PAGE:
$ sudo update-alternatives --install /usr/bin/python3 python3 /usr/local/bin/python3.6 2 

It will also be necessary that we do the same process with pip to avoid problems when installing libraries.

$ sudo mv /usr/bin/pip3 /usr/bin/pip3.5
$ sudo update-alternatives --install /usr/bin/pip3 pip3 /usr/bin/pip3.5 1
$ sudo update-alternatives --install /usr/bin/pip3 pip3 /usr/local/bin/pip3.6 2

NOTE: The first command is to rename the binary of pip3.5 and so we have no problems installing the alternatives. This is because when the python3-pip package is installed, it is installed directly as pip3. This we will have to take into account in the future if we update the package.

Once we have configured the python3 and pip3 alternatives, we could already configure them with the following commands:

$ update-alternatives --config python3
There are 2 choices for the alternative python3 (providing /usr/bin/python3).

  Selection    Path                      Priority   Status
------------------------------------------------------------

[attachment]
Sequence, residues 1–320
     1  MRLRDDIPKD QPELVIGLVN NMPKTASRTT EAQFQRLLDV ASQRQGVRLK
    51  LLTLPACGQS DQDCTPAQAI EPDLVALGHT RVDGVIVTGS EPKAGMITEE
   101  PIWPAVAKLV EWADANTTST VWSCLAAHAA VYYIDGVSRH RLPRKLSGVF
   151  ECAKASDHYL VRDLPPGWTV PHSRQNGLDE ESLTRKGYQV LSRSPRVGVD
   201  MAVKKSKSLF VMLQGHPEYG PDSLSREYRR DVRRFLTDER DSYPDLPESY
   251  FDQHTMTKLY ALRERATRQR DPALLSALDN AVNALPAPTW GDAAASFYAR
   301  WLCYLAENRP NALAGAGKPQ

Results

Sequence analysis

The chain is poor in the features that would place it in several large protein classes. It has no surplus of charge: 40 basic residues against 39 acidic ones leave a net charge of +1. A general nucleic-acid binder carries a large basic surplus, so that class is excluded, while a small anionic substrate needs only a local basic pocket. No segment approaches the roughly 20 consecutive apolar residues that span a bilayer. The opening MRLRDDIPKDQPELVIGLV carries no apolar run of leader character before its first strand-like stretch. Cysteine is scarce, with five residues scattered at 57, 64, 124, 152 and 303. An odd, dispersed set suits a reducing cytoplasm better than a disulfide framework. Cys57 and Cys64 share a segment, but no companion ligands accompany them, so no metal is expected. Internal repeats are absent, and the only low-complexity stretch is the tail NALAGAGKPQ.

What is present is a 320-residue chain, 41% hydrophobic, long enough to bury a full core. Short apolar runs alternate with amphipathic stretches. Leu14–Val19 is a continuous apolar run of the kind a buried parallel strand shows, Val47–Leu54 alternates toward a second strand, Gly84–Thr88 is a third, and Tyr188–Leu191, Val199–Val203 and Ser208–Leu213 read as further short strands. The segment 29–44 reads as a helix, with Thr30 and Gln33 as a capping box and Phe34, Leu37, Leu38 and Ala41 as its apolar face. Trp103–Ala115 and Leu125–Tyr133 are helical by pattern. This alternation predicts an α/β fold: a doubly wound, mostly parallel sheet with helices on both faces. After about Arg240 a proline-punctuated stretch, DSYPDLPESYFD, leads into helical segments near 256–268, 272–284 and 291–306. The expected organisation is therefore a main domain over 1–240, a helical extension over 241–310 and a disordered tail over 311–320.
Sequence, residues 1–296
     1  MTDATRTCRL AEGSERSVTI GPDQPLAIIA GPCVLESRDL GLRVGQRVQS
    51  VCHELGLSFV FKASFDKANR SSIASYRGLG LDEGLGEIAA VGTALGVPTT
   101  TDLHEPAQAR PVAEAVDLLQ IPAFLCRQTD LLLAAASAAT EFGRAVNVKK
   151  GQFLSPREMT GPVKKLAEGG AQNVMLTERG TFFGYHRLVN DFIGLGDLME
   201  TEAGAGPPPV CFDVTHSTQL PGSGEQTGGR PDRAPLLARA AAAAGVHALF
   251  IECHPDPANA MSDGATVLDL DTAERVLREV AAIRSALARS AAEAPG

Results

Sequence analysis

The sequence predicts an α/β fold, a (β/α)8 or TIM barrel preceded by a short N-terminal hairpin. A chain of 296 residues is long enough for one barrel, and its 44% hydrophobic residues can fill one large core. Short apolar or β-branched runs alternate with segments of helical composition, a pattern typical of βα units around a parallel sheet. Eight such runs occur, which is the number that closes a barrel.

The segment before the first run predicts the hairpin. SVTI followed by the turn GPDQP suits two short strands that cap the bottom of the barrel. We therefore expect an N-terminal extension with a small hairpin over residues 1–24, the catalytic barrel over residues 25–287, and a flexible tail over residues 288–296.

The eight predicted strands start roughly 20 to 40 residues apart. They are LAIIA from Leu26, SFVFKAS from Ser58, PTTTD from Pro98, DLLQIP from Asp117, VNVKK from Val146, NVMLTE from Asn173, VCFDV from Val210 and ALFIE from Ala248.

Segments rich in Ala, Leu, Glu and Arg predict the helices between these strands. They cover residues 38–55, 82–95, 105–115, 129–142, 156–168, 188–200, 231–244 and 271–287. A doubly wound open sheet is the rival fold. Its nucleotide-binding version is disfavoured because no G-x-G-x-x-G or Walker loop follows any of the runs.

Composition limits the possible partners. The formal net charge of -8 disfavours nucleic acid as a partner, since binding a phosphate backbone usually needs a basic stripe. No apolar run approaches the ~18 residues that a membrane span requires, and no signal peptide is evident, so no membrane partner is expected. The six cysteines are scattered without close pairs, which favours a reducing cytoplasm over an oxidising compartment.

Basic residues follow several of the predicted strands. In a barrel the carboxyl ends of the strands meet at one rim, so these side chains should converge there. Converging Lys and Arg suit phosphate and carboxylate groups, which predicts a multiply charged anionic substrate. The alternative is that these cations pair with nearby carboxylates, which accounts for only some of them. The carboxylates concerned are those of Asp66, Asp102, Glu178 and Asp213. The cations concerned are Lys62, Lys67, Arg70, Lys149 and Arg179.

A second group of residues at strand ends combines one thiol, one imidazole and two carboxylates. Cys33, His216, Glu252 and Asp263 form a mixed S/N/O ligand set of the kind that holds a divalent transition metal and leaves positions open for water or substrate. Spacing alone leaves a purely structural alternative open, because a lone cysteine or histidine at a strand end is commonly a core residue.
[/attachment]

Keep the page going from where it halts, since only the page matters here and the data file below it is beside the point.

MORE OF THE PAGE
0            /usr/local/bin/python3.6   2         auto mode
  1            /usr/bin/python3.5         1         manual mode
* 2            /usr/local/bin/python3.6   2         manual mode

Press <enter> to keep the current choice[*], or type selection number: 
$ update-alternatives --config pip3
Existen 2 opciones para la alternativa pip3 (que provee /usr/bin/pip3).

  Selección   Ruta             Prioridad  Estado
------------------------------------------------------------
* 0            /usr/bin/pip3.6   2         modo automático
  1            /usr/bin/pip3.5   1         modo manual
  2            /usr/bin/pip3.6   2         modo manual

Pulse <Intro> para mantener el valor por omisión [*] o pulse un número de selección:

Solution to problems in the OS

Unfortunately, Debian does not like that we change the python3 version by default, and this will cause a series of problems with some commands such as lsb_release and apt-get, which will affect the installation of certain packages with pip, and obviously with apt-get. This is mainly because there are some python3 libraries that come with the OS, and that are necessary for its operation.